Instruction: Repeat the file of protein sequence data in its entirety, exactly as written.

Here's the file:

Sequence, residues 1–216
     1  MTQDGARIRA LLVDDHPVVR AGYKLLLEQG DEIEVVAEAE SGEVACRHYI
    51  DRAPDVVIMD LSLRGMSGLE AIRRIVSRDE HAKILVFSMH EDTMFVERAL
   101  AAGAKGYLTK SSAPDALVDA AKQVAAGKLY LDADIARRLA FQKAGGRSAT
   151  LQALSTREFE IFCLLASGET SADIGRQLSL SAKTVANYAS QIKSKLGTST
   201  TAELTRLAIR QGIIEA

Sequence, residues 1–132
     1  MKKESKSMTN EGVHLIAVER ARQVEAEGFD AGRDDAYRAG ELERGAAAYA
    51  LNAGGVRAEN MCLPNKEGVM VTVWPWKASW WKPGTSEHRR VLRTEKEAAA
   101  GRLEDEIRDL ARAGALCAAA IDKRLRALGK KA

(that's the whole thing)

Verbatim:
Sequence, residues 1–216
     1  MTQDGARIRA LLVDDHPVVR AGYKLLLEQG DEIEVVAEAE SGEVACRHYI
    51  DRAPDVVIMD LSLRGMSGLE AIRRIVSRDE HAKILVFSMH EDTMFVERAL
   101  AAGAKGYLTK SSAPDALVDA AKQVAAGKLY LDADIARRLA FQKAGGRSAT
   151  LQALSTREFE IFCLLASGET SADIGRQLSL SAKTVANYAS QIKSKLGTST
   201  TAELTRLAIR QGIIEA

Sequence, residues 1–132
     1  MKKESKSMTN EGVHLIAVER ARQVEAEGFD AGRDDAYRAG ELERGAAAYA
    51  LNAGGVRAEN MCLPNKEGVM VTVWPWKASW WKPGTSEHRR VLRTEKEAAA
   101  GRLEDEIRDL ARAGALCAAA IDKRLRALGK KA